Schnabel Mottier. Hofheim: Wolke, 2007. ISBN 978-3-936000-51-1. First published Princeton University Press, 1942.
    Transcripts of lectures that Schnabel gave at Harvard University and at the University of Chicago.

    My Life and Music Comment:

    “A clear picture of a musician of rare integrity.” — The Musical Times. Highly
    readable reminiscences, musical philosophy of great pianist: his experiences as
    a child prodigy in turn-of-the-century Vienna, concert career, thoughts on
    great conductors and composers of the day, preferences in the repertoire, much
    more. Also includes “Reflections on Music,” address delivered at University of Manchester, 1933. Introduction by Edward Crankshaw. 20 illustrations. Index.

    See:
    http://en.wikipedia.org/wiki/Artur_Schnabel

    Richard Melson

  • Cambridge Forecast

    ANDRIS NELSONS ON STRAVINSKY: COMMENTS

    The ROS interview with maestro Nelsons has him say, inter alia:

    “In ‘The Rite of Spring’, there is a lot of this orthodox, mystical, natural, wild thing. In Stravinsky I
    couldn’t call it religious in the sense of Christianity, but of course there is
    a search for explanation, trying to find what it is, what the world means… I
    think even Stravinsky is maybe not flirting but coquetting when he says it’s
    not emotional. It is what’s inside the human soul. When it’s over, I feel
    energized… You feel energized from the earth, but also you want to take a
    shower…”

    Intriguingly, the BSO website comments about Adorno’s view of Stravinsky’s “Rite of Spring”:

    “The German philosopher and musicologist Theodor Adorno, in his essay “Stravinsky and Reaction,” referred to such rhythms as “arbitrary,” the apparent product of a
    “throw of the dice.” For this reason, he saw The Rite as dehumanized and dehumanizing, the basis of a highly charged and controversial ideological critique of Stravinsky’s music. It is unlikely that Adorno intended for the image of “throwing dice” to be taken literally-one would
    assume that a composer such as Stravinsky was guided by his musical training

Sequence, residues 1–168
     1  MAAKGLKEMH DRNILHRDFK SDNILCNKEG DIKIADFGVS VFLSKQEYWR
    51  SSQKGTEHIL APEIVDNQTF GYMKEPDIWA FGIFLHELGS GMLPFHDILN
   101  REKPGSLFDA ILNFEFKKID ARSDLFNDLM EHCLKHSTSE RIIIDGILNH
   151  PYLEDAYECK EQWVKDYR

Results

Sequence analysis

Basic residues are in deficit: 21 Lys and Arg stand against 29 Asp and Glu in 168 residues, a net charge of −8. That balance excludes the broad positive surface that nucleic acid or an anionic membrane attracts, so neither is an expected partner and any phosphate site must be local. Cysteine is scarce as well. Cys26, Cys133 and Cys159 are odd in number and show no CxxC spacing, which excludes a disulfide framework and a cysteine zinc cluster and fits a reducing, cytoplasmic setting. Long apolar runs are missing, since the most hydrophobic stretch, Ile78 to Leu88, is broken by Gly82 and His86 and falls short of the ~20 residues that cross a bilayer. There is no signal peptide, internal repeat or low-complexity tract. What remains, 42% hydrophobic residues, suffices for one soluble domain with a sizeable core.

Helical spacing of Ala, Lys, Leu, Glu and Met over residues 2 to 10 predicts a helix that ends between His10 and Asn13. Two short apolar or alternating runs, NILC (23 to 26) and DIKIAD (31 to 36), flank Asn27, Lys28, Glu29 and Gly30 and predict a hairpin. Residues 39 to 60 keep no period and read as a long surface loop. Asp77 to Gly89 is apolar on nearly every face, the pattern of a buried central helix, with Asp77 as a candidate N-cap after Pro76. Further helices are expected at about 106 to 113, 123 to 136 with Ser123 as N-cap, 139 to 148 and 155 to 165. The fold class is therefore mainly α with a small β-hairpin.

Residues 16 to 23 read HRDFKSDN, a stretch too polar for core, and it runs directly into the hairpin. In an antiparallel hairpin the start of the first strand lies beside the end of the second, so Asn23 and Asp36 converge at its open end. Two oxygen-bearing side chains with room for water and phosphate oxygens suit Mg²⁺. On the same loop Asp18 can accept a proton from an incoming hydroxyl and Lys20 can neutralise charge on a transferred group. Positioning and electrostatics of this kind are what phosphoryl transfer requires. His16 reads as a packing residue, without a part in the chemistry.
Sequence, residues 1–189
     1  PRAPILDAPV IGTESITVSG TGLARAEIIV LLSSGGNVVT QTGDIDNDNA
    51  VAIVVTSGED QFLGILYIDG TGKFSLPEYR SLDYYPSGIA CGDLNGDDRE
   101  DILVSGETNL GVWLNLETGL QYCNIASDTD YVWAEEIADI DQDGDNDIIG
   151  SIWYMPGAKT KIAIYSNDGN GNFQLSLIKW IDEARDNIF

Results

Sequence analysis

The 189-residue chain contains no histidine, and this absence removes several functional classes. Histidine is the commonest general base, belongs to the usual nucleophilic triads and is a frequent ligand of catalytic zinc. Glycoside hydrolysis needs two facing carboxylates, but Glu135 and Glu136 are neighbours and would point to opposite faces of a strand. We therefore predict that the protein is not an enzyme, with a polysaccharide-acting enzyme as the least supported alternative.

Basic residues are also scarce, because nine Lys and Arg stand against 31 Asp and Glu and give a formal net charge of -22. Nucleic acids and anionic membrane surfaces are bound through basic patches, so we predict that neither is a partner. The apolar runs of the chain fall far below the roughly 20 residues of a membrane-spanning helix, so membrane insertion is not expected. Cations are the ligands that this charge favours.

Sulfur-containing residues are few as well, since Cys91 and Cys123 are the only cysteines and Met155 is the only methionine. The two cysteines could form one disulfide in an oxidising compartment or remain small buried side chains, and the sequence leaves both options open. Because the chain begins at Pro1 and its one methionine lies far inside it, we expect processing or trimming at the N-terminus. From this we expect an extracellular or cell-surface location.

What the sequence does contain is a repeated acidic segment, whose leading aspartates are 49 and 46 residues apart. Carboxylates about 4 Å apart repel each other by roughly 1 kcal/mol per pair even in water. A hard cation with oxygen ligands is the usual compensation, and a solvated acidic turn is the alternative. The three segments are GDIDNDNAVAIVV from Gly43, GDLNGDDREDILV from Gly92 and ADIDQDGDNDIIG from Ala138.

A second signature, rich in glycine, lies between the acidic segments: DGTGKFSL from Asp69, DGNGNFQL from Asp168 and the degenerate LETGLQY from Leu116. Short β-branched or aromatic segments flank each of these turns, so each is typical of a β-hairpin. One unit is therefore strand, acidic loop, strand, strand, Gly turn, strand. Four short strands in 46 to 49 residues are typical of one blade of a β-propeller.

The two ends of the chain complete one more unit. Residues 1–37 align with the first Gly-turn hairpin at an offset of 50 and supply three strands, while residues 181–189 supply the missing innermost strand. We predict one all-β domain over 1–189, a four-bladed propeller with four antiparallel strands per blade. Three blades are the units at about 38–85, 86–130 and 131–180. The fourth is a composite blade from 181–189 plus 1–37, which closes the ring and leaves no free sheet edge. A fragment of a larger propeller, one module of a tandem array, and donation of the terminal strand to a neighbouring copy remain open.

and imagination, not by chance. But Adorno’s metaphor may have been closer to
    the truth than he realized. As I have recently suggested in a longer essay,
    drawing upon my analysis of Stravinsky’s score and sketches, Stravinsky seems
    to have employed a fundamentally mechanical procedure for generating the most
    striking rhythmic patterns in The Rite. The procedure is straightforward. First, he would take a prominent chord or melody and measure the distances (intervals) between adjacent pitches, generating a numerical series. Second, he would convert this series into a rhythmic pattern by
    reinterpreting the numbers as durations, measured in beats. In other words,
    Stravinsky seems to have transformed tonal relationships into rhythmic ones,
    creating hidden relationships that can only be perceived intellectually, not
    aurally.”

    See: http://www.bso.org/brands/bso/features/forever-young.aspx

    However brilliant on some of modernism’s convolutions, Adorno was quirky to the max and loathed jazz too.

    The historical British genius and jazz critic Eric Hobsbawm (interviewed by ROS a few years ago) saw Adorno’s writings as containing ‘some of the stupidest pages ever written about jazz’.

    Irritation with Adorno’s tunnel vision started even while he was alive. He may have championed
    Schoenberg, but the composer signally failed to return the compliment: ‘I have
    never been able to bear the fellow…It is disgusting, by the way how he treats Stravinsky.’

    See: http://en.wikipedia.org/wiki/Theodor_W._Adorno

    See also: http://www.bso.org/brands/bso/features/forever-young.aspx

    Richard Melson

  • Cambridge Forecast

    ROS MUSIC DISCUSSION WITH NEW BSO MAESTRO: THOMAS MANN SIDELIGHT

    Christoper Lydon has several times mentioned Thomas Mann’s 1947 novel “Dr Faustus” in passing in various ROS contexts over the years and this novel might enrich the experience of the ROS reader or commenter in enjoying the charming ROS interview with the new BOS maestro Andris Nelsons of Latvia.

    An intelligent comment (by a Berlin-based musicologist Wolfgang Schneider) on Thomas Mann’s novel and its relationship to music and musical modernism is available here:

    “Mann and his musical demons”

    “Thomas Mann is considered the most music-obsessed author in the history of literature. His powers of description were at their best when he was writing about music. But professional musicians have constantly objected to his statements on music. How to explain that? ”

    And later on in the same essay:

    “Thomas Mann specialists love the chapter on music in ‘The Magic Mountain.’ …Throughout his life, Thomas Mann felt the need to verify his understanding of music with experts and he surrounded himself with musical mentors. Possibly his only real friend, his neighbor in Munich, Bruno Walter, was one of the great conductor of the day. When the General Music Director was picked up in the royal carriage, the writer often sat next to him.”

    See: http://www.signandsight.com/service/1440.html

    Richard Melson